COMMENT OF THE DAY: INVENTING THE HEIGHTS TEARDOWN “Correction– The tearing down of old homes to build new was pioneered by Sterling Victorian Homes in the mid-late 1980s. It began on the 400 block of 22nd Street. These homes look very modest by today’s standards. It is likely true that Allegro pioneered the building of Disney-fied Hummer homes with cheese closets…” [Sheila, commenting on Scaling Back the Upscale: Allegro Builders, Downtempo]
Allegro Builders president and CEO Lambert Arceneaux has no more employees to let go from his company, and has had problems paying his subcontractors, a source tells Swamplot. Starting way back in the olden days of a dozen years ago, Arceneaux pioneered the concept of tearing down tired old Sears catalog homes and single-bathroom working-class bungalows in the Heights and replacing them with high-dollar luxury homes in Victorian dressing. After proving to other builders that land banking and upscaling the Heights could be a lucrative business, Allegro eventually stretched its repertoire to million-dollar-plus whirlpool- and wine-cellar-enshrined fantasies that mimicked a variety of regional historical styles.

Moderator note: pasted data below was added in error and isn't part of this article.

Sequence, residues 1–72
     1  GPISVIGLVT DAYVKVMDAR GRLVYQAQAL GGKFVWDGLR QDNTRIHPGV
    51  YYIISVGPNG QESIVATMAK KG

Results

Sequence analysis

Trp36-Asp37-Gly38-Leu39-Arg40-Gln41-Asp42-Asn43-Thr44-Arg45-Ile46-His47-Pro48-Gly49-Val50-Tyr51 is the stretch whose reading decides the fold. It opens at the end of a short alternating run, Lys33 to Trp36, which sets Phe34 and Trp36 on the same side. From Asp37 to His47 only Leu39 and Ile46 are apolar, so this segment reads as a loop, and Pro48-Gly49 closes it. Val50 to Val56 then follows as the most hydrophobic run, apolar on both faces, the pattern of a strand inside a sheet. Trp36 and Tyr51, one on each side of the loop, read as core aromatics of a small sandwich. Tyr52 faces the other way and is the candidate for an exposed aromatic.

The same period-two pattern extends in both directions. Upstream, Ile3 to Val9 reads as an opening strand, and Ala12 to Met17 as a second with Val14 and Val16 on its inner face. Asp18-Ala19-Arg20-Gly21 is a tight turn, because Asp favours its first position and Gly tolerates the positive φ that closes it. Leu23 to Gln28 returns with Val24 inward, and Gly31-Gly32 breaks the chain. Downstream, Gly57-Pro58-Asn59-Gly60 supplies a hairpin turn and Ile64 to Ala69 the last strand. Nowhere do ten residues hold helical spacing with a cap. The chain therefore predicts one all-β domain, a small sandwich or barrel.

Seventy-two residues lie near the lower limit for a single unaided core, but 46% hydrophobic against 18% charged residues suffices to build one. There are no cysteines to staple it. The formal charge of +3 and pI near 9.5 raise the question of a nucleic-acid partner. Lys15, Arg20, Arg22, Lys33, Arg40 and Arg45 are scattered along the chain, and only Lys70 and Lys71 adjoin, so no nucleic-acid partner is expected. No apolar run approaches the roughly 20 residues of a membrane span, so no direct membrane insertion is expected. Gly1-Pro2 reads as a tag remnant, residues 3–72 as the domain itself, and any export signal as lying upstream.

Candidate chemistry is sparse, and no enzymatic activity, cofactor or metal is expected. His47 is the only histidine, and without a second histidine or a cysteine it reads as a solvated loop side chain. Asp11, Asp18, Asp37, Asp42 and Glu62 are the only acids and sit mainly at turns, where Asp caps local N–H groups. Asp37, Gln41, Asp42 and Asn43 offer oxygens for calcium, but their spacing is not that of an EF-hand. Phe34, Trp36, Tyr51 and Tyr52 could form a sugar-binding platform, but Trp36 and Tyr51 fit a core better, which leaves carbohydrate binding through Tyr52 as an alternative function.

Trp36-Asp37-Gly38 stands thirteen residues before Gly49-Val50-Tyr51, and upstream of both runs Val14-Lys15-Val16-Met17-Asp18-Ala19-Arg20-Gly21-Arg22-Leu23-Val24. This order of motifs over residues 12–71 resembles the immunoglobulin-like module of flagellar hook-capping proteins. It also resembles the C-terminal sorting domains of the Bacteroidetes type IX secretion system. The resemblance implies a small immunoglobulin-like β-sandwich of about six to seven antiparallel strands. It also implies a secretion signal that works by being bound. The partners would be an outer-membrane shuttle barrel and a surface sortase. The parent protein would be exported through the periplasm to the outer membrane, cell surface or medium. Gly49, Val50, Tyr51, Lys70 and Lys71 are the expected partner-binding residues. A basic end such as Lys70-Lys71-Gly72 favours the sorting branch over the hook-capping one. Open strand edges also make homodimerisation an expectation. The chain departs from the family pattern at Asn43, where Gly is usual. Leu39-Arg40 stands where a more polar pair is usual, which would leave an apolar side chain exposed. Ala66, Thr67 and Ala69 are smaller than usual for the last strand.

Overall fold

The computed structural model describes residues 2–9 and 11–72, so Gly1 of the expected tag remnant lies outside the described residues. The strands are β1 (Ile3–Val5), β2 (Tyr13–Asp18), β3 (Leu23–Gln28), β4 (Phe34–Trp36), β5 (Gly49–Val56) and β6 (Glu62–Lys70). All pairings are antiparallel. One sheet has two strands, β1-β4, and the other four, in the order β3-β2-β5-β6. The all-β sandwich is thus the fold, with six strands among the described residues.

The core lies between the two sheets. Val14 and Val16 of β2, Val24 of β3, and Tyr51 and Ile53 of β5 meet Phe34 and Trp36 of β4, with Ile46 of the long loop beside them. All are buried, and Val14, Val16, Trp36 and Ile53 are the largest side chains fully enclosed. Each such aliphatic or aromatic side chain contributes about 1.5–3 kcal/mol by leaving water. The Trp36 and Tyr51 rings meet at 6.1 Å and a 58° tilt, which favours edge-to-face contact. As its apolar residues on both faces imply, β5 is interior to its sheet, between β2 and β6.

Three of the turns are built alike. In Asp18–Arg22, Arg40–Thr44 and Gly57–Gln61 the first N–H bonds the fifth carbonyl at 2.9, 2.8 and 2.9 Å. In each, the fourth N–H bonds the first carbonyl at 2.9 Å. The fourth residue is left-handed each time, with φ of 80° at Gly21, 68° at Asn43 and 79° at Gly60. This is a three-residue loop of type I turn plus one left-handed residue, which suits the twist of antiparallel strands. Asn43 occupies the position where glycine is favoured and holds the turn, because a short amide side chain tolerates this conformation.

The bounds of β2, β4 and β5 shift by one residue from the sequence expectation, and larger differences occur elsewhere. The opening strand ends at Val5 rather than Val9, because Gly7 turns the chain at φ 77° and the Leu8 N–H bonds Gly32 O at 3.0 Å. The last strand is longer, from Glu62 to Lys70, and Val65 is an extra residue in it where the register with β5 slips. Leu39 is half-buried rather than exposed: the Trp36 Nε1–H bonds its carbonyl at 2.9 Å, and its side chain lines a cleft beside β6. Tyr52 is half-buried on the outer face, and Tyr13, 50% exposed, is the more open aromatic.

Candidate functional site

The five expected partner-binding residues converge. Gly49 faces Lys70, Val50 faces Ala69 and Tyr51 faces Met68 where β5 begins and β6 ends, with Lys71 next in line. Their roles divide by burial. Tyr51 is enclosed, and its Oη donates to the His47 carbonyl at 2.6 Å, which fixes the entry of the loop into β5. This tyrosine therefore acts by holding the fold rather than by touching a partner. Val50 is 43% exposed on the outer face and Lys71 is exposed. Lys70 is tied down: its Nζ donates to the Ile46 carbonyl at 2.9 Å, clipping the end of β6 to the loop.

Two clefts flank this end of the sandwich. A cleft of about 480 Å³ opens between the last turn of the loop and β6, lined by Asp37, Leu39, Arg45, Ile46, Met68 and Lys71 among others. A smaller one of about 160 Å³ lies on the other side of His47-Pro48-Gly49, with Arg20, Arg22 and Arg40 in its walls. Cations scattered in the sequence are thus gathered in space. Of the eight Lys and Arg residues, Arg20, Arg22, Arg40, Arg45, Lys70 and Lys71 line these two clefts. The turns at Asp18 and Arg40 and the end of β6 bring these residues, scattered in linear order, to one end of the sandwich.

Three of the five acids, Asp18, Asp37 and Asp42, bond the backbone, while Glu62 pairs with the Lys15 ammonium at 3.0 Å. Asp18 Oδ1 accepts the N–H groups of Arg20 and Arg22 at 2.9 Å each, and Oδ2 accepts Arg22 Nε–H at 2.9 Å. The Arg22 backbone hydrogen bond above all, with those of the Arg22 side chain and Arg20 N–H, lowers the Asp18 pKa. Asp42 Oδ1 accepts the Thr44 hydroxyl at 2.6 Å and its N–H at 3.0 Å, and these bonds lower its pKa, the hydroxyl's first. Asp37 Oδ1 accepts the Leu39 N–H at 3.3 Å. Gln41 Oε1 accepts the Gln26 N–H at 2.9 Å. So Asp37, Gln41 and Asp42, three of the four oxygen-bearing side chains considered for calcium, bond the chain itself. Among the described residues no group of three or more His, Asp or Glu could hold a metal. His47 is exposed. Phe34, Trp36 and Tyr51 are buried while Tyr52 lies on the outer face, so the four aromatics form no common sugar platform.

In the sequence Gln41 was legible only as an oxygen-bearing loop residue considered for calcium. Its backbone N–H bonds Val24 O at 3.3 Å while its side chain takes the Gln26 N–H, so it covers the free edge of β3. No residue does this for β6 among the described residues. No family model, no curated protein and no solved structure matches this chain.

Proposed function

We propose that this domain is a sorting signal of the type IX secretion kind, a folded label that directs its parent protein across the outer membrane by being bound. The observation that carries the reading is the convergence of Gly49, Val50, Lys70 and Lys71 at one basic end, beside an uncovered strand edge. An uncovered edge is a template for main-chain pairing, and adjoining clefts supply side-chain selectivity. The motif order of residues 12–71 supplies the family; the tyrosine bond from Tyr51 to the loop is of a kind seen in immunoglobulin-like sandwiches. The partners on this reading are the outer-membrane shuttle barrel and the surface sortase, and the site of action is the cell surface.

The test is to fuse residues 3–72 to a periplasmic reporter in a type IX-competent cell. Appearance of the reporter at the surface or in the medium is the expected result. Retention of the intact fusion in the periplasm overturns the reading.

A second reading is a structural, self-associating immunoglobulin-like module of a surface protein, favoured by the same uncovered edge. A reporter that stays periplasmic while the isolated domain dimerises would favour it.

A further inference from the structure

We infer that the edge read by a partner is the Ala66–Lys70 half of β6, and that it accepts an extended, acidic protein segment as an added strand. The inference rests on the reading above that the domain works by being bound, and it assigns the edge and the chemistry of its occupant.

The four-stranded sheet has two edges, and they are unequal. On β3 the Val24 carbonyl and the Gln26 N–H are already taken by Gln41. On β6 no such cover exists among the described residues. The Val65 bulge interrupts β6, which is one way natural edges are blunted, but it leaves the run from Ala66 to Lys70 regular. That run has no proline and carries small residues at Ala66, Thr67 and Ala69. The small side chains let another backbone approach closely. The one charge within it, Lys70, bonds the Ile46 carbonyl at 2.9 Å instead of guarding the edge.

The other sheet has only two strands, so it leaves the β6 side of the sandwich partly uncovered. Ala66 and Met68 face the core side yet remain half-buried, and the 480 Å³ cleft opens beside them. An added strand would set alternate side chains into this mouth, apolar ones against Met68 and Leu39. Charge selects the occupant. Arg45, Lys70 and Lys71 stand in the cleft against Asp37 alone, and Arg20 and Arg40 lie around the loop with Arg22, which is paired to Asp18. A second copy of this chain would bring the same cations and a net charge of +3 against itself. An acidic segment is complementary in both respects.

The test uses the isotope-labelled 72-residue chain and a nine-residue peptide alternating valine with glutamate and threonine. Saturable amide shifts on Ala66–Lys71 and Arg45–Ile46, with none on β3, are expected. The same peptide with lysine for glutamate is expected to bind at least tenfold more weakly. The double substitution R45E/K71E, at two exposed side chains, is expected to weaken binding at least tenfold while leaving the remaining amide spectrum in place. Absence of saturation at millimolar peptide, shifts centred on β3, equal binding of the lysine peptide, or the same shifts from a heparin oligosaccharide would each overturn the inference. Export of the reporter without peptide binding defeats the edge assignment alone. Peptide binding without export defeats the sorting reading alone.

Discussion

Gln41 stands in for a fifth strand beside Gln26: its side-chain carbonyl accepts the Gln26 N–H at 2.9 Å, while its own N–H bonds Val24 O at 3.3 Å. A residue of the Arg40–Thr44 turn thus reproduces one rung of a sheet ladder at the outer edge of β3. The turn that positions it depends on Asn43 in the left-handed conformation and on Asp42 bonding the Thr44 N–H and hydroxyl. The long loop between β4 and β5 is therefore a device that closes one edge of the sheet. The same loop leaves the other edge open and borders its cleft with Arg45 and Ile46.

Our source says Allegro’s project manager was let go a couple of weeks ago — and that “there’s no money coming in.”
Allegro also developed two small but high-profile mixed-use buildings on Studewood. One is now known as the home of Bedford Restaurant. An earlier effort across 10th St., which houses Lance Fegen’s Glass Wall restaurant and Allegro Builders’ offices upstairs, is shown here in a rare early photo — minus its usual tight single-wythe street wall of valet-parked SUVs:
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